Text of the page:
For mammals, eating other animals may increase cancer risk


Enlarge / These rodents apparently manage to avoid developing cancer.

Cancer is a sad fact of life, as nearly 40% of people are diagnosed with it at some point in their life. But humans are not alone in this case. Many different species can also develop the disease, some more often than others. By studying these species and their habits and natural defenses (or lack thereof), we can learn new ways to fight disease.

New research that involves a full cancer investigation shows that many mammals can actually get cancer. To better understand this, the team looked at the records of 110,148 animals of 191 species that died in zoos. The data comes from Species360, an international non-profit organization that collects and unifies this kind of data from zoos around the world, according to Orsolya Vincze, a researcher at the Center for Ecological Research in Hungary and one of the authors of the article.

Using data collected by the organization, the research team was able to “collect information on the causes of animal deaths,” she told Ars.

The team limited their search to data points taken after 2010 because prior to that record keeping was not as good, she said. Additionally, the team only studied animals in zoos because it is difficult to collect this type of information about species in the wild. Animals in their natural habitats that contract cancer are also more likely to prey or starve – they tend to die sooner, Vincze said.

“You have to go to zoos where every individual is tracked and you know when they die and you know what they died of,” she said.

Lessons learned

Most of the species the team studied were at risk of cancer. The only two exceptions, as far as data goes, were the blackbuck (a kind of antelope) and the Patagonian mara (a kind of rodent). The data included information on 196 and 213 individuals of these species, respectively.

Carnivores, however, were particularly prone to cancer. In the data set, more than a quarter of cloudy leopards, bat-eared foxes and red wolves died from cancer, for example. According to Vincze, there are certain hypotheses as to why this could be the case.

On the one hand, carnivores have different microbiomes compared to other types of animals, which could be a problem because a rich community of microorganisms can help limit cancer. Carnivores, especially those in captivity, also have limited ranges. A lack of physical activity could also contribute. Raw meat, like that eaten by most carnivorous mammals, can also contain bacteria or other microbes that can increase the risk of cancer. For example, raw cow meat can carry the bovine leukemia virus, which some studies have shown may increase the risk of breast cancer in humans. Overall, however, Vincze said more research needs to be done in this area.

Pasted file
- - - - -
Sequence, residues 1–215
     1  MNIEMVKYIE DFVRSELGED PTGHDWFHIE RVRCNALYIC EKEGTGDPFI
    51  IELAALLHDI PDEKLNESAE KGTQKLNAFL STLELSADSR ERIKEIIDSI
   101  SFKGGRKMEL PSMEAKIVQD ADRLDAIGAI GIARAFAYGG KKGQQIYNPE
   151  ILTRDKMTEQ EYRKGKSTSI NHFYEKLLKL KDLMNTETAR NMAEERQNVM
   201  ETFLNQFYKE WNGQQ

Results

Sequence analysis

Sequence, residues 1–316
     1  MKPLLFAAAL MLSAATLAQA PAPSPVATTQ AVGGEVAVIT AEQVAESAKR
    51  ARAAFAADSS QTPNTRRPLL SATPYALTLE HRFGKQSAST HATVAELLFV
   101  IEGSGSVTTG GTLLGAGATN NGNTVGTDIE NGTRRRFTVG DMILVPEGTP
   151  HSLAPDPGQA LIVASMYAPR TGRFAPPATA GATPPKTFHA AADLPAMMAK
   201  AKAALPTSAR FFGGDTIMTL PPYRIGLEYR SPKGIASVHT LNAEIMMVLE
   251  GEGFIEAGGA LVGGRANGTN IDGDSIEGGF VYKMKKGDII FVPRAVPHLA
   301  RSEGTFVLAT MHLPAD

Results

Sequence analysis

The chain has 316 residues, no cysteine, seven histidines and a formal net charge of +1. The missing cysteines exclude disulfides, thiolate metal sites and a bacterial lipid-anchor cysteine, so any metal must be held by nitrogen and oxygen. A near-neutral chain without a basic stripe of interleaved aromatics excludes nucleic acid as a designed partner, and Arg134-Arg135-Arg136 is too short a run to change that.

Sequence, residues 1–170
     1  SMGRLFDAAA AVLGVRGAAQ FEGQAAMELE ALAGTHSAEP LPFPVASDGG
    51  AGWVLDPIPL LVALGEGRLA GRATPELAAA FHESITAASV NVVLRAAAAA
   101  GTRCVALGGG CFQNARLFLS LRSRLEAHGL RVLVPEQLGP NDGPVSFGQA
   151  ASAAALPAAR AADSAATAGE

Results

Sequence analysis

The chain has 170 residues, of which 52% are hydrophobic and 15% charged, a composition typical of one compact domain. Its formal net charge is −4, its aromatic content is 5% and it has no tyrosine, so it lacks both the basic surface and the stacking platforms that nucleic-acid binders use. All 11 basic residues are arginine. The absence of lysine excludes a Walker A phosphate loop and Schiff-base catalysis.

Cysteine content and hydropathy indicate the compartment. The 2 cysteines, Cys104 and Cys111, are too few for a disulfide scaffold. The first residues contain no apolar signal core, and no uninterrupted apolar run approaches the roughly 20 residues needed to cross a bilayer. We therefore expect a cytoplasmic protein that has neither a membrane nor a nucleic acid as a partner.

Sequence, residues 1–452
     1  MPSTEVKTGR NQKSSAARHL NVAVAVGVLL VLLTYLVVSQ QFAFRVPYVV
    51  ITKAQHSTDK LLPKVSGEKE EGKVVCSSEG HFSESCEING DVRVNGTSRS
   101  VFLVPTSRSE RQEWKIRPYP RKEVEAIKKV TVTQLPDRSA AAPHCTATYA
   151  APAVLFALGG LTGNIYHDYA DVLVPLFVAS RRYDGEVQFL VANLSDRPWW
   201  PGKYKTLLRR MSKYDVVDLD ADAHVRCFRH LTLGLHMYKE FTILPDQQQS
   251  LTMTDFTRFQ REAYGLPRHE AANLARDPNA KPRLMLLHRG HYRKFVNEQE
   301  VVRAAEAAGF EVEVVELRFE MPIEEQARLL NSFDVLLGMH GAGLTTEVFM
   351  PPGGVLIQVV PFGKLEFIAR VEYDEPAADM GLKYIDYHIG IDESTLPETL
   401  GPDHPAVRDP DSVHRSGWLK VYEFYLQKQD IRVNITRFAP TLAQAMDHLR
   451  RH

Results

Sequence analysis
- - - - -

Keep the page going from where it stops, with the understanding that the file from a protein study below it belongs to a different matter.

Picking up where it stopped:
The bigger they are

Surprisingly enough, animal size does not correlate with cancer risk. Cancer mutations usually occur when cells divide. In theory, a large animal living longer should have more cell divisions than smaller animals and, therefore, they should be more prone to cancer. It’s seen in dogs and humans – the larger members of both species tend to have a higher cancer risk, Vincze said.

However, larger species are not particularly at risk of contracting the disease, a phenomenon called the Peto Paradox. According to Vincze, this is probably due to the fact that these species developed means to fight cancer in their genetic past. By studying the mechanisms by which these large species suppress cancer, we could potentially develop ways to fight the disease. And, by studying why some species have higher cases of the disease, we can learn more about it in general, Vincze said.

“We could really look at molecular mechanisms and identify them, and try to come up with new methods of treating cancer in humans and animals,” she said.

Nature, 2021. DOI: 10.1038 / s41586-021-04224-5 (About DOIs)


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